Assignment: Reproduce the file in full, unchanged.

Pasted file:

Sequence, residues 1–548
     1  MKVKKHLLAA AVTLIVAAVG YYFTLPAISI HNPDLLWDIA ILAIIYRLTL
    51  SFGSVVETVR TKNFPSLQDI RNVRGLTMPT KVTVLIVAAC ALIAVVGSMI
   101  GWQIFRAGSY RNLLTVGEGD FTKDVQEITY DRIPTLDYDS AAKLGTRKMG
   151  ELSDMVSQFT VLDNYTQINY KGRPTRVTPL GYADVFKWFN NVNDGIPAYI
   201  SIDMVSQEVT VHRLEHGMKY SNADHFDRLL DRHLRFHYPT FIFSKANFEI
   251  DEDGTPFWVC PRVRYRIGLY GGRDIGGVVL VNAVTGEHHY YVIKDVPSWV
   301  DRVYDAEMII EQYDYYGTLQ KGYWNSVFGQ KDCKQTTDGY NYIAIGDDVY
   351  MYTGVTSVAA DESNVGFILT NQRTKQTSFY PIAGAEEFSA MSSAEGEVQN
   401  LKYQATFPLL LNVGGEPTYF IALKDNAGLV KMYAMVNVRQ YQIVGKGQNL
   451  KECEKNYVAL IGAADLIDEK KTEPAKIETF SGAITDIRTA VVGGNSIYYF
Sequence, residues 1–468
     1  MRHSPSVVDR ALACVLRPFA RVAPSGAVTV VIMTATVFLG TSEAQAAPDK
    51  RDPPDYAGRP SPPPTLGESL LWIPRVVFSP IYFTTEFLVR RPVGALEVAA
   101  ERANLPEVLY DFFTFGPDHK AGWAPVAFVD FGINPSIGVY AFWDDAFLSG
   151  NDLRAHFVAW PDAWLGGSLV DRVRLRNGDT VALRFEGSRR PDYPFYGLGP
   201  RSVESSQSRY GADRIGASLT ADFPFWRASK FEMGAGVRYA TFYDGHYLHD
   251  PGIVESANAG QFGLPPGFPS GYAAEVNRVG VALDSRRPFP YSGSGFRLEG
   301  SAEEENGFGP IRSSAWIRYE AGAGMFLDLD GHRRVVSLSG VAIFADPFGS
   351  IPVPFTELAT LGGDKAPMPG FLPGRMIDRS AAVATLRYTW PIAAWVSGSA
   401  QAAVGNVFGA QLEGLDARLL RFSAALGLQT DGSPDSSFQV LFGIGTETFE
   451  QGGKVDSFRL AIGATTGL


Sequence, residues 1–548
     1  MKVKKHLLAA AVTLIVAAVG YYFTLPAISI HNPDLLWDIA ILAIIYRLTL
    51  SFGSVVETVR TKNFPSLQDI RNVRGLTMPT KVTVLIVAAC ALIAVVGSMI
   101  GWQIFRAGSY RNLLTVGEGD FTKDVQEITY DRIPTLDYDS AAKLGTRKMG
   151  ELSDMVSQFT VLDNYTQINY KGRPTRVTPL GYADVFKWFN NVNDGIPAYI
   201  SIDMVSQEVT VHRLEHGMKY SNADHFDRLL DRHLRFHYPT FIFSKANFEI
   251  DEDGTPFWVC PRVRYRIGLY GGRDIGGVVL VNAVTGEHHY YVIKDVPSWV
   301  DRVYDAEMII EQYDYYGTLQ KGYWNSVFGQ KDCKQTTDGY NYIAIGDDVY
   351  MYTGVTSVAA DESNVGFILT NQRTKQTSFY PIAGAEEFSA MSSAEGEVQN
   401  LKYQATFPLL LNVGGEPTYF IALKDNAGLV KMYAMVNVRQ YQIVGKGQNL
   451  KECEKNYVAL IGAADLIDEK KTEPAKIETF SGAITDIRTA VVGGNSIYYF
Sequence, residues 1–468
     1  MRHSPSVVDR ALACVLRPFA RVAPSGAVTV VIMTATVFLG TSEAQAAPDK
    51  RDPPDYAGRP SPPPTLGESL LWIPRVVFSP IYFTTEFLVR RPVGALEVAA
   101  ERANLPEVLY DFFTFGPDHK AGWAPVAFVD FGINPSIGVY AFWDDAFLSG
   151  NDLRAHFVAW PDAWLGGSLV DRVRLRNGDT VALRFEGSRR PDYPFYGLGP
   201  RSVESSQSRY GADRIGASLT ADFPFWRASK FEMGAGVRYA TFYDGHYLHD
   251  PGIVESANAG QFGLPPGFPS GYAAEVNRVG VALDSRRPFP YSGSGFRLEG
   301  SAEEENGFGP IRSSAWIRYE AGAGMFLDLD GHRRVVSLSG VAIFADPFGS
   351  IPVPFTELAT LGGDKAPMPG FLPGRMIDRS AAVATLRYTW PIAAWVSGSA
   401  QAAVGNVFGA QLEGLDARLL RFSAALGLQT DGSPDSSFQV LFGIGTETFE
   451  QGGKVDSFRL AIGATTGL